The New Age of Achievement – Part I: A Brief History of Free and Open Source Software (FOSS)

The free and open source revolution started at Carnegie Mellon.  Richard Stallman had asked a Carnegie Mellon Professor (and former Xerox Parc researcher) for the source code to a Xerox laser printer that was causing the MIT AI lab problems.  Problems that caused a jammed printer to back up print jobs.  Stallman wanted to fix the issue and give the solution back to Xerox.

The Professor refused citing a Non-Disclosure Agreement (NDA) he had signed.  “I was so angry I couldn’t think of a way to express it. So I just turned away and walked out without another word,” Stallman recalls. “I might have slammed the door. Who knows? All I remember is wanting to get out of there.”

And as they say, the rest is history.

The FOSS Revolution

A Brief History of Free and Open Source Software (FOSS)

On our Research and FOSS History

We noticed how often early FOSS pioneers used revolutionary themes and language to describe the battle with proprietary software vendors and IT departments.  Therefore we thought the revolutionary theme appropriate.

We know and understand that there are huge bodies of FOSS history that we have missed.  But we tried to cover the primary highlights and educate our readers at the same time.  It’s a great story and one we enjoyed putting together.

The Rise of Open Source

Free and Open Source (FOSS) software used to be the domain of hackers and fringe IT.  They were an eclectic group focused on ideals rather than a business profit.  To them, not sharing software was morally wrong.

Yet during the last 10 – 15 years, a hybrid model has emerged.  Perhaps unknowingly, those early FOSS pioneers started a movement and new forms of business models that are threatening the old proprietary guard within today’s largest businesses.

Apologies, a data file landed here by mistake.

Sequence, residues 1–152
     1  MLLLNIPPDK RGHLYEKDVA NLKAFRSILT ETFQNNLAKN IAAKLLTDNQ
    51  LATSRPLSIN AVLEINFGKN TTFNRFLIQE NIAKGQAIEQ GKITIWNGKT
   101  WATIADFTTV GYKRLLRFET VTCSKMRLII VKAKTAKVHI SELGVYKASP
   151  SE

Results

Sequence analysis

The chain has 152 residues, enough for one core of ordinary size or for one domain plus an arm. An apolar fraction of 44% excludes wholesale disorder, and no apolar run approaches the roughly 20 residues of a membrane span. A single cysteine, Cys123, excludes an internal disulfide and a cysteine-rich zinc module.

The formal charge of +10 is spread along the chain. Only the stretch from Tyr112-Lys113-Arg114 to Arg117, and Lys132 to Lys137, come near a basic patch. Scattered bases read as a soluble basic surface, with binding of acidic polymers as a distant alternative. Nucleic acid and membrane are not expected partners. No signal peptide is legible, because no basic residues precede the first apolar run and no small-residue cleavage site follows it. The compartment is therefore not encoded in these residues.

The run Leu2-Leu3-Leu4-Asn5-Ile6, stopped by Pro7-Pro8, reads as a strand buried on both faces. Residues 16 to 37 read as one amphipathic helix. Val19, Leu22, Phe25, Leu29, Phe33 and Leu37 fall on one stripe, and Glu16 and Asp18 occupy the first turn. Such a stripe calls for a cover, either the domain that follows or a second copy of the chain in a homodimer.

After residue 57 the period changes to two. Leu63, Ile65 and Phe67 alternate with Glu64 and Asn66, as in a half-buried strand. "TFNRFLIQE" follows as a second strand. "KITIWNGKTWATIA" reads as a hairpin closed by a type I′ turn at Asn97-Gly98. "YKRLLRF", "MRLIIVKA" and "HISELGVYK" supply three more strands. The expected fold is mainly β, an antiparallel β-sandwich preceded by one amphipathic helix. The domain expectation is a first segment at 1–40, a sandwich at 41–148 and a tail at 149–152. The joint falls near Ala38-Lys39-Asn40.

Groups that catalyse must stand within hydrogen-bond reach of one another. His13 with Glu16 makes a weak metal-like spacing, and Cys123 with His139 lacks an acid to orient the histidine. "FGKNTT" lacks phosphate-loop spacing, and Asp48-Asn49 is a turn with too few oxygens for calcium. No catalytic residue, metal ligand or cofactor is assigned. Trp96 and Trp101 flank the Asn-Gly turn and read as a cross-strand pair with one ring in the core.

On Part II – The New Age of Achievement

We’re going to take a closer look at the last 10 years and explain why the new FOSS companies are going to usher in a new age of economic achievement.

P.S. Who do you believe is the Benedict Arnold of Free and Open Source? Please give us your comments below.


  1. I think the Benedict Arnold of Open Source should be Google. They claim to be going open source, but I've seen little movement. Therefore, their claims and actions are different.

  2. You seem very knowledgable about this issue and it shows. Trust all your future posts turn out as well. Cheers!

  3. Thank you for this! I've been researching the manifesto documents that came out of the open source revolution. I've used Google's Knol to post them, the first and second are Stallman's and Kapor's. I've found more than 50 software and technology related manifestos that are all influenced by open source issues, some go off the deep end and into artistic endeavors beyond specifically software design – but the consistent theme is a desire to create products that enable more people to interact with software tools to communicate – at least that is my product management interpretation. Please contribute your perspective at

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  5. Pretty as it is, there is much missing from this illustration. Please go and read the insightful comment from Tim OReilly -

  6. Thanks for the comments Danette and John.

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